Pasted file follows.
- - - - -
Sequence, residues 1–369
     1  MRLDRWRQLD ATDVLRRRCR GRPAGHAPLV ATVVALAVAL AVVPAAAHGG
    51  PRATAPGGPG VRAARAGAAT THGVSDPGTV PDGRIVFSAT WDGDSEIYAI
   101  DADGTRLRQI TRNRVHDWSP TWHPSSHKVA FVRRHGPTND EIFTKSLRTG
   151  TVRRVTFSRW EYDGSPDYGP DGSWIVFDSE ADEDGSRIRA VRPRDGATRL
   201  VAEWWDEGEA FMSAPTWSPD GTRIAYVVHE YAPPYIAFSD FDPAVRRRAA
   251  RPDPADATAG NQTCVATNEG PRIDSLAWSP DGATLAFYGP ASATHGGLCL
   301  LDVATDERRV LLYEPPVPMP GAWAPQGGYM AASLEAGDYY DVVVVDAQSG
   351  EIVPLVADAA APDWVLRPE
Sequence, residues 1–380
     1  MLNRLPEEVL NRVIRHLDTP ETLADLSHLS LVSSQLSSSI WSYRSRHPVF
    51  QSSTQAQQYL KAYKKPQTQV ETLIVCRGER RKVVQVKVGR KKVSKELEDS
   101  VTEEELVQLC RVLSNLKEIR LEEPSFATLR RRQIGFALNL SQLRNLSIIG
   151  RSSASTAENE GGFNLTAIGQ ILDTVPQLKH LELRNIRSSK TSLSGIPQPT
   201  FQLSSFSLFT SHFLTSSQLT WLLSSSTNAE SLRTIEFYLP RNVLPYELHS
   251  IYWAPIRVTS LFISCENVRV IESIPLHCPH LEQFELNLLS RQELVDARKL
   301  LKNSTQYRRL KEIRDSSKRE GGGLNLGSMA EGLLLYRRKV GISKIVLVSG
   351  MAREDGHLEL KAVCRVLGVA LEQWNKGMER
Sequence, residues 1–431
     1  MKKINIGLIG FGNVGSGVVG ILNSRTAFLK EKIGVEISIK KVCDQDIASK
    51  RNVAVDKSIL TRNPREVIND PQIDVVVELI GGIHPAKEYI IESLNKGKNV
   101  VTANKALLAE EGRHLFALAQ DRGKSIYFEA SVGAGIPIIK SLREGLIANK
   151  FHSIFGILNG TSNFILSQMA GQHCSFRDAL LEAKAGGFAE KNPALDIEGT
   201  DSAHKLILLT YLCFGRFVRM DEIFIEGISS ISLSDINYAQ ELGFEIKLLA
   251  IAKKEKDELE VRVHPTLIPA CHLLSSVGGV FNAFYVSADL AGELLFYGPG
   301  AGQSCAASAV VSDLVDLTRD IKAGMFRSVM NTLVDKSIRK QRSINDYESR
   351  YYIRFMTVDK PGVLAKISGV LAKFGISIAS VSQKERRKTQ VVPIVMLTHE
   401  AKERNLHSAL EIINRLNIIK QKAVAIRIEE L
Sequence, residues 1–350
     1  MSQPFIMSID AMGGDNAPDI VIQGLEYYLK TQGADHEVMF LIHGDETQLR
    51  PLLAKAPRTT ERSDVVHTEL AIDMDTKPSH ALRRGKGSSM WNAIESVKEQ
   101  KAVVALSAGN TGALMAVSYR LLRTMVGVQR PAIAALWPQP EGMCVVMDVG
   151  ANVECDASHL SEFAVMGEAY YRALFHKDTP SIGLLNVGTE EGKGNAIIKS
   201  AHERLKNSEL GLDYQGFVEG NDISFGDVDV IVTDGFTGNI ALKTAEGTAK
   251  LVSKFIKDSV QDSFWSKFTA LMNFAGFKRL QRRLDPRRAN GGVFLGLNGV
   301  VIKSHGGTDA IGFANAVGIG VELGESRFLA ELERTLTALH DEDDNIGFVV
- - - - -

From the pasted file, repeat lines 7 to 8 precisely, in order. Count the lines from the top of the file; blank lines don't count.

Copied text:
   251  RPDPADATAG NQTCVATNEG PRIDSLAWSP DGATLAFYGP ASATHGGLCL
   301  LDVATDERRV LLYEPPVPMP GAWAPQGGYM AASLEAGDYY DVVVVDAQSG